The Activity of Visiting State Parks
In Montana one can find a state park just about anywhere. All state parks have areas and resources for partaking in many activities. Lakes, streams, and rivers allow for swiming, boating, and fishing. There are also recreational areas one can picnic and camp at, as well as trails for hiking. During winter months, one can ski, snowshoe or snowmobile. The implied purposes are to spend time with family, and enjoy the outdoors and scenery. More explicit purposes would be educational trips, to exercise on bike trails, or just to take a break from the daily stress in our lives. The ultimate desired outcome is to help the public become more aware and appreciative of the parks unique ecosystem.
Juridic Rules and Regulations
Although visits to state parks are primarily to relax and be free, one must remember the rules to abide by while at state parks.
- Throw all garbage and litter in containers provided for this purpose, or take it out of the park with you.
- Prevent pollution: keep garbage, litter, and foreign substances out of lakes, streams, and other water.
- Obey all traffic signs. State traffic laws apply to the National Forest unless otherwise specified.
- Don't block, restrict, or interfere with the use of roads or trails.
- Don't carve, chop, cut, or damage any live trees.
- Indian sites, old cabins, and other structures, along with objects and artifacts, have historic or archeological value. Don't touch them!
- Obey fire restrictions. Fires may be limited or prohibited at certain times.
- Picnic sites, swimming beaches, and other day use areas can only be used between 6am and 10pm.
- At least one person must occupy a camping area during the first night after camping equipment has been set up, unless permission has otherwise been given by a Park Ranger.
- Don't leave camping gear unattended for more than 24 hours.
- You must pay a fee to enter certain developed sites. These sites have signs posted.
- No fighting or boisterous behavior.
- Pets must always be on some type of restraint.
- Pets (except guide dogs) are not allowed in or near swimming areas.
- Permits are required for any commercial activity.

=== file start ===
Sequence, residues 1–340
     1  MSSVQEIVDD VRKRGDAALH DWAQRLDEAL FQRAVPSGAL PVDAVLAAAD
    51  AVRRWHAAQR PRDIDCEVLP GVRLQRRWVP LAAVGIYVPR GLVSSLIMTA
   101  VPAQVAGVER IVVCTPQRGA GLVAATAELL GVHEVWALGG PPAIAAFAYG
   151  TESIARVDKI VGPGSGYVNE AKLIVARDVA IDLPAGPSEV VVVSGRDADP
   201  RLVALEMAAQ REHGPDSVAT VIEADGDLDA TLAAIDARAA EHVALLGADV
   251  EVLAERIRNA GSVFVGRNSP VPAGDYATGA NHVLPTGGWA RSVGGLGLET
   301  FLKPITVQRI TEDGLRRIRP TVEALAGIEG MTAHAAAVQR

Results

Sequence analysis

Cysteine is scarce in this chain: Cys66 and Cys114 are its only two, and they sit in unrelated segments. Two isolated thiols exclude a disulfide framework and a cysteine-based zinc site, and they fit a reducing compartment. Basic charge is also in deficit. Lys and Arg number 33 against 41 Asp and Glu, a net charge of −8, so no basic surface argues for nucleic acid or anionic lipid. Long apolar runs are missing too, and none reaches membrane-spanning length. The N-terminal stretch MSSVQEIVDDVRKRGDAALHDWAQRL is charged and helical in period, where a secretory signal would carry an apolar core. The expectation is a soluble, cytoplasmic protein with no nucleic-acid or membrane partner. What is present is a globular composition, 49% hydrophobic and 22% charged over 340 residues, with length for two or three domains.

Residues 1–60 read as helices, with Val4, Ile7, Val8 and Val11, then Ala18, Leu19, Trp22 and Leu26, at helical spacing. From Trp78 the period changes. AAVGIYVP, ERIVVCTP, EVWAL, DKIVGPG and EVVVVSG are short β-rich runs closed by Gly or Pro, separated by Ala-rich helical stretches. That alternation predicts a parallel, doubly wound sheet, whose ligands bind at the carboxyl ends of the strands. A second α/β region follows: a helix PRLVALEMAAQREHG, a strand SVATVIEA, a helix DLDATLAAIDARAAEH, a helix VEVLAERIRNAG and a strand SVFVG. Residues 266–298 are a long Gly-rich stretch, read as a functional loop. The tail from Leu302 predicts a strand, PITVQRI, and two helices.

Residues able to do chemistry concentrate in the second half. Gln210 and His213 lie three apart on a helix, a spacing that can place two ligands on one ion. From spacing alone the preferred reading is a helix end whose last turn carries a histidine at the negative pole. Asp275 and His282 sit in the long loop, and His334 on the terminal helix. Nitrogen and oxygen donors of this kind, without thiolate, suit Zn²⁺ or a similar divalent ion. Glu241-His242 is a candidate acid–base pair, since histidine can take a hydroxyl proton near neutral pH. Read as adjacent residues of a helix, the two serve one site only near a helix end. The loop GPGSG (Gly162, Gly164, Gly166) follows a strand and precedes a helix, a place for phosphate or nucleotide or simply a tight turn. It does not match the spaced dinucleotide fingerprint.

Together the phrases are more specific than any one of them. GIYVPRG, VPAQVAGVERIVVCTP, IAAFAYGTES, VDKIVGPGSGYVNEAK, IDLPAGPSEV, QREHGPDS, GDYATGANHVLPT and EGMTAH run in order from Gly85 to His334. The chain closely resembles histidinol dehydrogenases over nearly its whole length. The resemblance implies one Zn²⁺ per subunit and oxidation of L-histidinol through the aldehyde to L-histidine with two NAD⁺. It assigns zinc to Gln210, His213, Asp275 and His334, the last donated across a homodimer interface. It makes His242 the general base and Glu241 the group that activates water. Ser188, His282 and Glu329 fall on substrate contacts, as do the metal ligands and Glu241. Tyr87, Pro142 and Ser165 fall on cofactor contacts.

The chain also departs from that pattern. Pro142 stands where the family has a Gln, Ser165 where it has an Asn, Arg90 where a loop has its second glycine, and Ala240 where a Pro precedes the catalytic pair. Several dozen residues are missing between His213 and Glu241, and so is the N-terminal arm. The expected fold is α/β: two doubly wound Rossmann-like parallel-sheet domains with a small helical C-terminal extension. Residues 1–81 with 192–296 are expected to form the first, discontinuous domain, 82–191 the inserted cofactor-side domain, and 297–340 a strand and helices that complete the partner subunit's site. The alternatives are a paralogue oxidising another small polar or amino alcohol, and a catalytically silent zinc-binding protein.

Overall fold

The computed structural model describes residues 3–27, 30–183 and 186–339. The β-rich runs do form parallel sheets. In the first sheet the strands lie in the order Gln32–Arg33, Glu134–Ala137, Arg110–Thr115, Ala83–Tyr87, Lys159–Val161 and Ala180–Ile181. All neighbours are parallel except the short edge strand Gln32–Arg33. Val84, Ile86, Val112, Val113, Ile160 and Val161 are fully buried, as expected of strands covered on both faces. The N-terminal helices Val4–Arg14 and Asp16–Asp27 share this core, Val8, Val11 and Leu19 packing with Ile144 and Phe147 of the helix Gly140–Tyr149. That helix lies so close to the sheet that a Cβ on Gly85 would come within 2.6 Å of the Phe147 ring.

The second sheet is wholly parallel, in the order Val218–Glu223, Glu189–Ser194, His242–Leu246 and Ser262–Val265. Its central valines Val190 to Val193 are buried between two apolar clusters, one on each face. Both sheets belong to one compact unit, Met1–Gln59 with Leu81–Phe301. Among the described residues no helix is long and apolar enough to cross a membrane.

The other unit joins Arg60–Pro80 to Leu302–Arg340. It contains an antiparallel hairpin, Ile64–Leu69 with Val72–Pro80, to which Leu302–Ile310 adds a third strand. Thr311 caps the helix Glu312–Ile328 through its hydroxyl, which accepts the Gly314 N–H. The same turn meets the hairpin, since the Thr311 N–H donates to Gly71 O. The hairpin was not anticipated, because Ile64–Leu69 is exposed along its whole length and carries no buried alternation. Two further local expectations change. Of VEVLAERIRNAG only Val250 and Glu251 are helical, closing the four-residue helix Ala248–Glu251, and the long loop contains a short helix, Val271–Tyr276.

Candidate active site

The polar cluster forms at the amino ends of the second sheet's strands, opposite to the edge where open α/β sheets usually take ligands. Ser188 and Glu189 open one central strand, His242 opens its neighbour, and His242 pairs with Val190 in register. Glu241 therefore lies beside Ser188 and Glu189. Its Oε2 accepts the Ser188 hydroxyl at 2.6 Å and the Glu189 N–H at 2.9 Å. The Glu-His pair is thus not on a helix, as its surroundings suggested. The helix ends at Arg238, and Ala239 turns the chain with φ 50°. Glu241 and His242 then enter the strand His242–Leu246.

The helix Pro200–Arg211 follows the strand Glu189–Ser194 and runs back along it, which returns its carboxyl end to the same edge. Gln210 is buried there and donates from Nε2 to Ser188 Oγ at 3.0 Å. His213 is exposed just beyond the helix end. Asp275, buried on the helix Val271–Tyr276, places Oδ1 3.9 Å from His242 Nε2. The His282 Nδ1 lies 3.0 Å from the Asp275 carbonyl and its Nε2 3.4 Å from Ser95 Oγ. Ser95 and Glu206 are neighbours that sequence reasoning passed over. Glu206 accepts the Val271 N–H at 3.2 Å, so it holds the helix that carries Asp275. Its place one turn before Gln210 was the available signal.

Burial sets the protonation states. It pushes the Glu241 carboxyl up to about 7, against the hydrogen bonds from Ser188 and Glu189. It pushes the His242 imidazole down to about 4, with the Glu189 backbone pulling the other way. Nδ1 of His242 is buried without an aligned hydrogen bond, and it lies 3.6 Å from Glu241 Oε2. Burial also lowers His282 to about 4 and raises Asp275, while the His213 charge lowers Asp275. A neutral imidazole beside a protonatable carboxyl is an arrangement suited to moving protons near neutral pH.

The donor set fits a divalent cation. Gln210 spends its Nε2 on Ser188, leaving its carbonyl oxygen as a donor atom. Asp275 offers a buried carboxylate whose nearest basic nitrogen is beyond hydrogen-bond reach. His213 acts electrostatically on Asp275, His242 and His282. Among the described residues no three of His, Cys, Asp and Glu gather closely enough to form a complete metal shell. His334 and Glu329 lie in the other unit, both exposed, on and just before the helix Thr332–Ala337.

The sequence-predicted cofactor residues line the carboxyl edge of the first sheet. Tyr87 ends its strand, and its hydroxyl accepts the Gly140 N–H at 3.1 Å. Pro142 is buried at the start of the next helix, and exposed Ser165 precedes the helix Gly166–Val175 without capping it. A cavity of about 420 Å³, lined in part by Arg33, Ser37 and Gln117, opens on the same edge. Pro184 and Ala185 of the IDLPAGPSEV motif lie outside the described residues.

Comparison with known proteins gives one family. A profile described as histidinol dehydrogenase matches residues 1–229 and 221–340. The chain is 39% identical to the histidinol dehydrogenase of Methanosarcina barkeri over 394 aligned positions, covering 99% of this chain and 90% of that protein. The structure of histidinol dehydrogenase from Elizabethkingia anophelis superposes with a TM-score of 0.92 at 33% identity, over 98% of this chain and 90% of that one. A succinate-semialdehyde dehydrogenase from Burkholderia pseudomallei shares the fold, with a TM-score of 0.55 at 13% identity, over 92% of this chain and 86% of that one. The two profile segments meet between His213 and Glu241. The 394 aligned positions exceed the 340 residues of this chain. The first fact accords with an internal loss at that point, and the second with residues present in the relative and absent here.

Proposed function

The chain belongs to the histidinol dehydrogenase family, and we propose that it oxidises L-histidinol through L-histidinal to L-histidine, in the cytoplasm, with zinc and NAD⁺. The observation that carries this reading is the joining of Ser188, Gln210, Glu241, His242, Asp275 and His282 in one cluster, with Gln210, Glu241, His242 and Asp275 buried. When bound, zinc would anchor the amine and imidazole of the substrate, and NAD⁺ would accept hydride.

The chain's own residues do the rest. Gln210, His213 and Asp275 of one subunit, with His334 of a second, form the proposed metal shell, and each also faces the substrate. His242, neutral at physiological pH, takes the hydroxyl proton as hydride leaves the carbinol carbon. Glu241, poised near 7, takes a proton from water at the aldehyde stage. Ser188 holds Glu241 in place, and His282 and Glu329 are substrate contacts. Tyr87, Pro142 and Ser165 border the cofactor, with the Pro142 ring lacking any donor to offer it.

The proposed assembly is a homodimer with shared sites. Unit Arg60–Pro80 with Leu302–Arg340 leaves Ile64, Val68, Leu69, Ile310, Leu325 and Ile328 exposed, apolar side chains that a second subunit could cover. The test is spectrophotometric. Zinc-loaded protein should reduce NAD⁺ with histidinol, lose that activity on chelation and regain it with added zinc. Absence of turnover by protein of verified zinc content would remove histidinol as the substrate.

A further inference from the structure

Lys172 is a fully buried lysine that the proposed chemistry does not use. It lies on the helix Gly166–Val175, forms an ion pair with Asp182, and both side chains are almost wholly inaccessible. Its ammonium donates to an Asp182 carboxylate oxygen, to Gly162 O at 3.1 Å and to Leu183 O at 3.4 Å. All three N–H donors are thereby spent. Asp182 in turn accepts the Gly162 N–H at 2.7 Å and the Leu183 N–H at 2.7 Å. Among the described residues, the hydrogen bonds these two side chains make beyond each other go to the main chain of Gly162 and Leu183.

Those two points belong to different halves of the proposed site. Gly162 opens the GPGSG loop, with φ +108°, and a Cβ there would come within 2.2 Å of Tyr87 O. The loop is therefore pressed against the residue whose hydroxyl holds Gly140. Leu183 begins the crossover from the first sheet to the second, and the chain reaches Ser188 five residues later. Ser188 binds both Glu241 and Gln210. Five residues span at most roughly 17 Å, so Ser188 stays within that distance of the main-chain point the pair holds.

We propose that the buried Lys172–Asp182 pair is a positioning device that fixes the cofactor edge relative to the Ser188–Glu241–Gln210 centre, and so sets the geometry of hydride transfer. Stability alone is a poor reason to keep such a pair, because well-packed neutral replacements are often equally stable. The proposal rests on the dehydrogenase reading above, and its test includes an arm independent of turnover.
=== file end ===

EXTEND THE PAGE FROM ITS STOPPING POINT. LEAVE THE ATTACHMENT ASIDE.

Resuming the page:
- Fireworks are prohibited in campgrounds and recreational areas.
- Preserve the wilderness-"Leave only footprints, take only pictures."1
These rules can be made known through educational courses or posted signs in the park. A Forest Supervisor can inform these rules, while the District Ranger offices hold all regulation documents on file. Fighting, boisterous behavior, and loudness is enforced through criminal law derived from constitutions and state statutes, which are referred to as criminal codes. One who violates any of these regulations can face up to $5,000 in fines, 6 months in jail, or both.
The Burden and Frustration
The many laws that are put upon visiting a state park can make a person tiresome. For example, in the past, people have made campfires during the dry months. They did not pay enough attention to their fire and it caused a huge fire, destroying acres in the park. These careless actions forced the State Park system to put rules on campfires; therefore, many responsible people today are not allowed campfires. The laws create a little inconvenience. When asked how burdensome the laws are, a frequent park visitor commented about the fees to enter a park, saying, “It’s a privilege to use these State Parks, which we already pay for through taxes. People who abuse it cause more rules, restrictions and fees.”2
Not Quite as Burdensome
Although there are numerous rules and laws that should be abided by while visiting our beautiful state parks, it is actually quite easy to thwart these laws. Only about 8 to 12 staff members are on duty each day in a state park. It is difficult for so few people in authority to keep track of the countless number of visitors in a state park. Many people can get away with letting their dog run around unrestrained. They can get intoxicated or make a fire in an unauthorized area without getting caught. One way to lessen the restrictions is to be respectful of the land. Too many people litter and leave their messes. If more people were willing to take care of the park, the laws would not be so burdensome. The chance of getting caught isn't so high, but be prepared, because a park ranger might be near.